This online connection opportunity facilitates the building of new relationships among coffee buyers and sellers, whose credibility has been thoroughly assessed. Progreso conducts an internal due diligence process that ensures the legitimacy of both sellers and buyers before granting them access on Beyco. In the coffee industry the majority of coffee trades have always happened between parties who are already familiar with each other, and have been working together for many years. However, due to the current crisis, some buyers could have difficulties in purchasing the same quantity of coffee from their favored providers – and sellers might also need to look for other trustworthy buyers interested in their products.
That’s where Beyco comes in. The platform verifies registered users, so parties which haven’t previously worked together can find each other and collaborate. For sellers, this is an opportunity to access a bigger number of buyers and work with new partners. For buyers, Beyco provides a greater network of trustworthy sellers, and the opportunity to offer more varieties of coffee to their clients. Additionally, since the platform gives both sellers and buyers the opportunity to sign smart contracts online, it provides an alternative to the usual practice of negotiating the price of the coffee over the phone or with multiple email exchanges. In that way, Beyco offers an efficient way to seal new coffee deals, while most coffee value chain actors worldwide remain homebound.
Addressing Additional Obstacles Facing Coffee Producers
COVID-19 is an additional bottleneck for financial services as well. With social lenders’ offices closed, applying for and receiving credit will become even more challenging for producer organisations. Now more than ever, they will have difficulties in accessing loans to pre-finance their contracts. This practice, which is quite common in the industry, helps secure future supplies of the coffee being sold, making sure farmers and producer organisations can access the cash flow they need to guarantee productivity and quality and deliver their coffee on time. Through our experience working closely with many producer organisations, we learned that market access is not the only factor behind these entrepreneurs’ success. Access to finance plays an equally important role.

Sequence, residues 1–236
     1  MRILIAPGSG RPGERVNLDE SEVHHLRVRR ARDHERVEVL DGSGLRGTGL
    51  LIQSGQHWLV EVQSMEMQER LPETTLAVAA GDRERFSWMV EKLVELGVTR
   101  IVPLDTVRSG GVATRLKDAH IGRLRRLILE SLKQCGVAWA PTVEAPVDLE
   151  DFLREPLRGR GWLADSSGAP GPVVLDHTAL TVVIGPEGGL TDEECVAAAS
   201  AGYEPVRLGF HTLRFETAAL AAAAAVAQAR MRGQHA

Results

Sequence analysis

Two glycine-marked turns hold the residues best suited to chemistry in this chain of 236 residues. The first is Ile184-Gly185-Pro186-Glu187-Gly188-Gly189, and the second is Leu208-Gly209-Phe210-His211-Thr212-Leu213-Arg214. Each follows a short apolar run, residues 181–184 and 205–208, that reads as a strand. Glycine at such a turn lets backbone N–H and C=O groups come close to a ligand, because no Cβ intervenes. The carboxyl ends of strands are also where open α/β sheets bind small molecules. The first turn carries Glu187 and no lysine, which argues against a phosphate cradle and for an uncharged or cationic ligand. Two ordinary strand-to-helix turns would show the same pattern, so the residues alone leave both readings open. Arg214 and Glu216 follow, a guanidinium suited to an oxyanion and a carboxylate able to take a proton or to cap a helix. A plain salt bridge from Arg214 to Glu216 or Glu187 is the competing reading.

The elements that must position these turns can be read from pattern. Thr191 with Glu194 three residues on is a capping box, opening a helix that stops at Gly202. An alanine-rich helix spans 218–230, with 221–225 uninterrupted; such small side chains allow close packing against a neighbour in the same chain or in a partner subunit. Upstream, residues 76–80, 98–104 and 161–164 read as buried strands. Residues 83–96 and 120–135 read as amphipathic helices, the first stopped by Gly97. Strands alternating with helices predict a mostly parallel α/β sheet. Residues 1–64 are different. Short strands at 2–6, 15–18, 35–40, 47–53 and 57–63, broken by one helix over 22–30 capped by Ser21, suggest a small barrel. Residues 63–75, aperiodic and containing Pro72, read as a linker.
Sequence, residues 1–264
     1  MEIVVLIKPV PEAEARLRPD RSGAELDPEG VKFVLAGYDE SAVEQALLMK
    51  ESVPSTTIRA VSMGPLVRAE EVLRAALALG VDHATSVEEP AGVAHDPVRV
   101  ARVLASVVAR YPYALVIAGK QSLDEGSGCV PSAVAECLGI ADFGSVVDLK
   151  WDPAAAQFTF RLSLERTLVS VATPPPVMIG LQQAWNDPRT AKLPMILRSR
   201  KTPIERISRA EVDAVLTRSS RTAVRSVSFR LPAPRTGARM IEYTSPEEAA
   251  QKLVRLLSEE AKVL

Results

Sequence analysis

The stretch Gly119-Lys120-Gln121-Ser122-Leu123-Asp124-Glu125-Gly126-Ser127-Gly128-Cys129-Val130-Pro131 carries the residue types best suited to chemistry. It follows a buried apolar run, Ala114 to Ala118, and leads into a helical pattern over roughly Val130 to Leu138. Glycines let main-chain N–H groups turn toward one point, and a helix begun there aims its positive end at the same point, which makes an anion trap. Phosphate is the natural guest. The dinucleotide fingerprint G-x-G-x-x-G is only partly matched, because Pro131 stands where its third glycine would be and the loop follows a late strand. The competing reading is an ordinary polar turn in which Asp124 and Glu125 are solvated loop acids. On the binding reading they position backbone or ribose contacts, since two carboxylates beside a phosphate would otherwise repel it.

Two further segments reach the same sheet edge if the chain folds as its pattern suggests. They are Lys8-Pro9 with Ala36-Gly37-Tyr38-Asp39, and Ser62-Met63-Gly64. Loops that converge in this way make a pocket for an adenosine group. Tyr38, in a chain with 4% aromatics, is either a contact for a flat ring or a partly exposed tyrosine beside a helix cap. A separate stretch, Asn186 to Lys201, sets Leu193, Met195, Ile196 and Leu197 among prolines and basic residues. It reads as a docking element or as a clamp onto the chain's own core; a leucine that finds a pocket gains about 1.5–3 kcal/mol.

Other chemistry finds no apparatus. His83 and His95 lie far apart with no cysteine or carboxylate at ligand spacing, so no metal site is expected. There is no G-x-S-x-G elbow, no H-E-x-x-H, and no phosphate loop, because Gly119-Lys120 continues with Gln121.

For this reason, producer organisations can send a loan request through Beyco to the Progreso Foundation. The foundation has been active for the past 20 years, reaching more than 100 producer organisations and 300,000 farmers worldwide, and working to ensure their access to the international market and to financial services. Through its network, it either supports these organisations in making contact with an external social lender, or pre-finances them directly with smaller loans. Often, small producer organisations have difficulty accessing finance from social lenders. Therefore, through Beyco, the Progreso Foundation might decide to facilitate first credit lines, as an initial step to providing the producer organisation with greater creditworthiness.
The COVID-19 pandemic can also complicate coffee producers’ logistics services. Even though it is not fully clear what will happen with future restrictions on ports access or shipments, Beyco works to predict potential hiccups for international import-export. By maintaining close contact with producer organisations in Africa, Latin America and Asia, we are trying to offer solutions that help streamline these services as much as possible. For instance, if a producer organisation is contacted by a small roaster that’s interested in buying their coffee, but that’s not familiar with an importer able to ship the bags, we can provide assistance to make this happen. It is extremely important for us to provide comprehensive support to both coffee producers and buyers worldwide. We believe we can do this more effectively by providing a digital track record of all the activities happening between sellers and buyers – instead of using a more traditional paper-based approach.
Bringing Coffee Buyers on Board
As with any supply-demand model, coffee trading needs a seller and a buyer: Whether it happens online or in-person, producer organisations need to be supported by buyers to make deals possible. That’s why Beyco is always looking for more end-market actors to register. With more importers and roasters connected, we can work together as an industry to make sure that producer organisations can sell their coffee at a fair price to the right business partners. This will not only allow producers to secure their sales, but also to build their digital identity, establishing their reputation and allowing for a more sustainable future in the long term.
Of course, it is still uncertain how the current scenario will change the coffee industry in the coming months. But this is the perfect moment for technology to disrupt the way coffee trading has been done for the past decades. Through technology, both sellers and buyers can create new relationships or optimize existing ones, build their confidence in the credibility of their business partners, and leverage fully-traceable connections. Looking forward, those companies that successfully incorporate new technologies into their operations are likely to become the leaders of the new coffee trading systems of the future.
Photo courtesy of Isabel van Bemmelen.